What’s a writer got to do to get noticed these days?
Feeding your fictional (or non-fictional) passion requires more than simply creating beautiful works of words. Readings, panels, classes, and presentations (whether on- and offline) can be a great boon to your exposure – and your bottom line.
Strengthening Relationships with Fans
Self-published authors are pretty much on their own when it comes to building a platform of zealous fans (although it is possible to contract out publicity services, as long as you find a reputable person or organization). The strongest relationships are formed when you meet and engage people in conversation – either in the real world, or the virtual one. It can take some work to get comfortable with the idea of showcasing yourself live in front of strangers, but it helps to think of the lives you can potentially touch, teach, and inspire with your words.
If you’re traditionally published, your publisher will probably be able to assist in this arena – after all, it’s in their best interest to improve your visibility. Still, it doesn’t hurt to take as active a part as you can. For example, check out Togather; it’s a great option for getting fans to commit to an event so you don’t show up to an empty room.
Strengthening Relationships with Partners
Quality of participation is always important, but when it comes to feeding and caring for a growing career, quantity can’t be ignored. The best first step to building up an attendance for your event is to partner with already established individuals and groups.
A venue is much more likely to show interest if you have multiple authors on board, so look into making connections with other writers in your area. Another great option is to find writing, fiction, or genre-minded groups on Meetup; the organizers are often more than happy to have someone come up with creative new event ideas.
For online events, establishing relationships with bloggers and people well-known on social media outlets is a great approach. From there, it’s just a small jump to organize Google Hangouts, podcasts, and Livestreams of real-world chat.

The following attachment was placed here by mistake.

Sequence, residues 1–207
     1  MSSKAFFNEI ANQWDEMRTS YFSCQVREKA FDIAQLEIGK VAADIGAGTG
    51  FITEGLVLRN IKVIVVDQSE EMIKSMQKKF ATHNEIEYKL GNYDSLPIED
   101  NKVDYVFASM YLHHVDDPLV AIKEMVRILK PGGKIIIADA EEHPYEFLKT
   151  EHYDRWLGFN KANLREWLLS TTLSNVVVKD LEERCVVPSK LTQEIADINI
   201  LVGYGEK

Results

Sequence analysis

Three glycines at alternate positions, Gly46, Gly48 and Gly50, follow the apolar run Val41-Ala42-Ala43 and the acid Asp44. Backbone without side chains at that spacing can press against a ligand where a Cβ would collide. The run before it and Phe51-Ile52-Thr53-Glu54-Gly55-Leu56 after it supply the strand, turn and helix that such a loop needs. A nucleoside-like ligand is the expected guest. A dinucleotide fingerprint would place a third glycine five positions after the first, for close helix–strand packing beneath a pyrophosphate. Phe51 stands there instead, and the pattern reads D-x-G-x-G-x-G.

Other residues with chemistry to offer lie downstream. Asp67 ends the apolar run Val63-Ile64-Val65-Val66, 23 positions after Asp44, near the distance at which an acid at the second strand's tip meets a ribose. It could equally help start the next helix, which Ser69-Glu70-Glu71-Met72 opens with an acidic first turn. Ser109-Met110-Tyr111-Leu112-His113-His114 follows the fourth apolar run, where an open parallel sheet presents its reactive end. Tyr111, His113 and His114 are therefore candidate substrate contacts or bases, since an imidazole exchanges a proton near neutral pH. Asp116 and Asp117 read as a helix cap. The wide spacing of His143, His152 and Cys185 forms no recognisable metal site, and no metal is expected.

Multiplying Your Message
So you organize your event, spread the word, and get people to show up. That’s the most important part of the process, right?
Not exactly. What happens during your allotted time slot has very little to do with the huge impact that regular event-scheduling can have. First off, just the act of committing yourself to do something demonstrates your dedication to your work. Every email you send or article you post about the event raises awareness; even if the targeted individuals don’t show up, they now know more about what’s going on in your writing life. An event can be newsworthy, inspiring press releases that potentially get picked up by media outlets. Before, during, and after the event, you have the opportunity to collect a whole host of multi-media assets (photos, video, audio clips, etc.) that can be written about, shared, and repackaged in a hundred different ways to be doled out over time.
Selling (or Pre-Selling) Copies of Your Stuff
People love coming away from event with physical mementos. Pounding the pavement with copies of your opus in hand, and not being shy about putting out your For Sale sign, can really help to accelerate your sales. One caveat: the after-event period can be a hectic one that’s not always conducive to the slow process of actually selling your work. Consider holding an event where the entry cost is a copy of your book (which can be paid for beforehand.)
In addition, the fact that a person saw you live means that the hardcopy of your work is suddenly much more valuable – especially if signed. Plenty of individuals buy plenty of books and let them molder on shelves; wouldn’t you rather produce books that actually get consumed?
It’s true that arranging events is yet another task to add to the endless list of writing marketing and promotion activities. However, the results are worth it – and besides, it’s just plain fun to see people get excited about your creative pursuits!
Image by alexkerhead on Flickr.
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